Alternate reality 1920s Europe was a foggy place. It’s a few years after a great war, and the nations of the area are beginning to see economic recovery. Leftover from war-time, large Mechs litter the countryside. Many remain operational, having been re-purposed for peaceful farming and transport uses. Peace shan’t last for long though, where men are concerned. As nations struggle to rebuild, they begin again to jostle for territory and resources. Forgotten in the middle of the deepest fog, a mysterious factory awaits, containing mystical technology that promises power to those bold enough to claim it. In Scythe, players take control of one of these battered nations, and whomever brings their nation the most prosperity, whatever the cost, will emerge as the victor, and likely dominant power over 1920s Europa.
1-5 Players | 2 Hours | Designed by Jamey Stegmaier
Scythe was originally launched on Kickstarter and received a lot of attention during its campaign and subsequent retail launch. As the publisher Stonemaier Games had already established a solid reputation from popular games Euphoria and Viticulture, Scythe was an instant success, becoming one of the most well funded games of 2015 and one of the first highly visible Kickstarter games. Scythe certainly redefined production quality in the boardgaming industry. It was one of the first games to offer premium as a base, with optional upgrades to even more decadent components, and this influence has been seen reflected in many games produced since. In addition to this, Jamey Stegmaier shows an amazing level of commitment to the boardgaming community, in being constantly engaged with community discussion. Where many other games are released and left to stagnate, there is no question Scythe is a game that receives ongoing support and continued development from its publisher.
How does it work?
Scythe is an action selection, engine building and area control game, that blends elements from euro games together with a thematic world and allows for players to interact with each other via a map. The aim of the game is to be the richest player, with the money in the game (which is spent to perform some actions) being counted up at the end as points. Additional income is earned during the scoring phase at the game’s end, for controlling territory, resources, and having completed objectives. Objectives can include deploying all 4 of your Mechs, winning combats, or building all 4 of your buildings to give a few examples. A player completing their 6th objective (from a variety of 10), will immediately end the game, at which point money is counted up to see who wins.
On their turn, a player will choose from one of four available actions to perform. The one they did last round will be unavailable. Actions each have two parts (a ‘top’ and ‘bottom’), and are paired differently for each player. ‘Top’ actions include things like moving your units around the board, generating resources with your workers, trading for resources with the bank, or generating power (which is used for combat).
‘Bottom’ actions are concerned with upgrading your abilities, deploying powerful Mechs to the board, constructing buildings for bonuses, or enlisting recruits (for other bonuses). A player may do either the top part of an action, the bottom part of an action, or the top and then bottom part of an action. Movement actions can result in a combat, which is executed by spending a determined amount of cards and combat power (there’s no randomness).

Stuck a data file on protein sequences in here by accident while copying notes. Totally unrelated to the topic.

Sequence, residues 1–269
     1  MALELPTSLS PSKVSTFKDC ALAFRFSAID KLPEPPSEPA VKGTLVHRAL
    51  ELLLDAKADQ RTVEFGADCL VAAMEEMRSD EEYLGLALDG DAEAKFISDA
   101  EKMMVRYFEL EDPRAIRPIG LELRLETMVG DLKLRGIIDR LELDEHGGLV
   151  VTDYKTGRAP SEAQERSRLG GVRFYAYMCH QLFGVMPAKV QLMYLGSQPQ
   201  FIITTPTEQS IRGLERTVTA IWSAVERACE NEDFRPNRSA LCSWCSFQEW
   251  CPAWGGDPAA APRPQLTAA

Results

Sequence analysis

Through sequential turns of using their available actions, players will generate resources and earn money. They will spread out on the board, and possibly fight other players capturing territory. The player in the best position when the game ends (whomever has the highest score) will be the winner, and it’s interesting to note that the player that triggers the end game does not necessarily become the winner.
What do I think?
I backed the Scythe kickstarter in 2015 (collector box #2715!) so I’ve owned Scythe since 2016, and I’ve played it about 15 or so times at this point. I’ve added both the Invaders from Afar (2 new factions) and Wind Gambit (airships) expansions to my collection as they were released, and played with them a fair few times as well. All of my games of Scythe have been with 4-7 players, most commonly on the larger end. I find Scythe a bit of a difficult game to teach. It has a lot of ‘different’ concepts in it. It really is one of those games where once you have played a few rounds it just makes sense, but I don’t feel comfortable starting a game with mixed new and experienced players (this is my most common play scenario) without giving the new players a bit of a run down on the rules.
The Good Stuff
- Scythe is well known for its lovely production values. The clear, well thought out graphic design, thematic and foggy art, amazing wooden and resin pieces, and detailed plastic miniatures all take the game from being ‘just a game’ to being a highly engaging experience.
- Scythe doesn’t have rounds, with play continuing around the table from player to player until the game is finished. This is a refreshing change from the more common ‘play a round, do some upkeep and reset for next round’ sort of play that is common with this style of game.
- Doing well in Scythe means having a long term strategy. The way the actions work, to be efficient, you probably need to have a couple of things in the pipeline at once. When you pull these combo strategies off, it can feel very satisfying.
- Needing to spend money (which is points) to do actions is an interesting trade-off. Initially I didn’t really think about this, but when you consider this cost (e.g every time you trade you are giving up a point) it forces you to think about how powerful certain actions actually are.
- I like how the virtual fleet principal has been turned into a game mechanic in Scythe with the power meter and combat mechanism. (Virtual fleet is the strategy of holding your fleet/army in the form of resources and only deploying them as required, creating a looming threat of either attack or defence against your enemies)
- It is a very social game. The turns are quick, and there is a lot of table talk. Speculation runs rampant due to incremental nature of actions.